Ten Keys to a Dynamite Resume

To help you construct a better, more powerful resumé, here are ten overall considerations in regard to your resume’s content and presentation:

Position title and job description. Provide your title, plus a detailed explanation of your daily activities and measurable results. Since job titles are often misleading or their function may vary from one company to another, your resume should tell the reader exactly what you’ve done. (Titles such as account manager, business analyst, and internal consultant are especially vague.)

Clarity of dates and place. Document your work history accurately. Don’t leave the reader guessing where you were employed, or for how long. If you’ve had overlapping jobs, find a way to pull them apart on paper, or eliminate mentioning one, to avoid confusion.

Detail. Specify some of the more technical, or involved aspects of your past work or education. Have you performed tasks of any complexity, or significance? If so, don’t be shy; give a one or two sentence description.

Proportion. Give appropriate attention to jobs or educational credentials according to their length, or importance to the reader. For example, if you wish to be considered for a position at a bank, don’t write one paragraph describing your current job as a loan officer, followed by three paragraphs about your high school summer job as a lifeguard.

Relevancy. Confine your curriculum vitae to that which is job-related or clearly demonstrates a pattern of success. For example, nobody really cares that your hobby is spear fishing, or that you weigh 137 pounds, or that you belong to an activist youth group. Concentrate on the subject matter that addresses the needs of the employer.

Explicitness. Leave nothing to the imagination. Don’t assume the resumé reader knows, for example, that the University of Indiana you attended is in western Pennsylvania, or that an “M.M.” is a Master of Music degree, or that your current employer, U.S. Computer Systems, Inc., supplies the fast-food industry with order-taker headsets.

Length. Fill up only a page or two. If you write more than two pages, it sends a signal to the reader that you can’t organize your thoughts, or you’re trying too hard to make a good impression. If your content is strong, you won’t need more than two pages.

Spelling, grammar, and punctuation. Create an error-free document that is representative of an educated person. If you’re unsure about the correctness of your writing (or if English is your second language), consult a professional writer or copy editor. At the very least, use a spell-check program if you have access to a word processor, and always proofread what you’ve written.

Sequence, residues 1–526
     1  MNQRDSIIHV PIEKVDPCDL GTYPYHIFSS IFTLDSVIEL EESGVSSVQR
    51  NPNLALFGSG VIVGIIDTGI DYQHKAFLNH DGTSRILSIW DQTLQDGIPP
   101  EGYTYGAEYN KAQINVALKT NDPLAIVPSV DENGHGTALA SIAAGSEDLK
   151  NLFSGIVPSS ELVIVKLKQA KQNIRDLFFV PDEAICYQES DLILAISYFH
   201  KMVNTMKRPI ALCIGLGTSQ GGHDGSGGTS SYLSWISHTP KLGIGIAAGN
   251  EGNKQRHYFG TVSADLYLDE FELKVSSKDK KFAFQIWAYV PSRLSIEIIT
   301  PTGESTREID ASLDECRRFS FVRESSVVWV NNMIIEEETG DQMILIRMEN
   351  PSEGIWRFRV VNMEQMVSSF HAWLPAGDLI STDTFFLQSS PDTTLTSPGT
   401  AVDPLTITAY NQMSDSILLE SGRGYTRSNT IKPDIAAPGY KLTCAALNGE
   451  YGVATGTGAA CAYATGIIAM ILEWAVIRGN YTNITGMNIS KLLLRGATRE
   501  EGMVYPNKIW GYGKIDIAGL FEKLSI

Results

Readability. Organize your thoughts in a clear, concise manner. Avoid writing in a style that’s either fragmented or long-winded. No resumé ever won a Nobel Prize for literature; however, an unreadable resume will virtually assure you of starting at the back of the line.

Overall appearance and presentation. Select the proper visual format, type style, and stationery. Resume readers have become used to a customary and predictable format. If you deviate too much, or your resume takes too much effort to read, it’ll probably end up in the trash, even if you have a terrific background.
Resumé writing can be tricky, especially if you haven’t done it before. I suggest you write several drafts, and allow yourself the time to proofread for errors and ruminate over what you’ve written. Practice, after all, makes perfect. If you have a professional associate whose opinion you trust, by all means, listen to what he or she has to say. A simple critique can save you a great deal of time and money.

I worked with a candidate recently who had the most beautifully written resumé I’ve ever seen. When I asked him about it, he said that he sharpened his skills by writing and rewriting his wife’s resumé. After he got the hang of it, he worked on his own — and kept revising it on a monthly basis.

Truth in Advertising

In addition to providing a factual representation of your background, your resumé serves as an advertisement of your availability.

Although there’s no federal regulatory agency like the FDA or FCC to act as a watchdog, I consider it to be ethical common sense to honestly and clearly document your credentials. In other words, don’t make exaggerated claims about your past.

The best way to prepare a dynamite resumé is not to change the facts
— just make them more presentable. This can be accomplished in two ways: [1] by strengthening the content of your resumeé; and [2] by enhancing its appearance.

Remember, your resumé is written for the employer, not for you. Its main purpose, once in the hands of the reader, is to answer the following questions: How do you present yourself to others? What have you done in the past? And what are you likely to accomplish in the future?

Writing a Great Resumé

In a perfect world, no one would need a resumé.

The candidates most suited to a particular job would simply be summoned forth to interview, based on their reputation and word of mouth referral.

Employers would carefully make their hiring decisions based on the candidates’ verbal account of their past performance, without regard to any kind of written documentation.

And companies would grow and prosper, having selected only the best and brightest from a large pool of qualified talent.

Right. And now the reality:

Employers are so inundated with resumés, it often takes weeks, or even months to sort through them all to identify the candidates they deem qualified.

Despite the administrative headaches and delays caused by processing resumés, companies rely heavily on the resumes they receive to screen for potential candidates.

Given the choice of two candidates of equal ability, hiring managers will always prefer to interview the one with the most artfully constructed and attractive resume.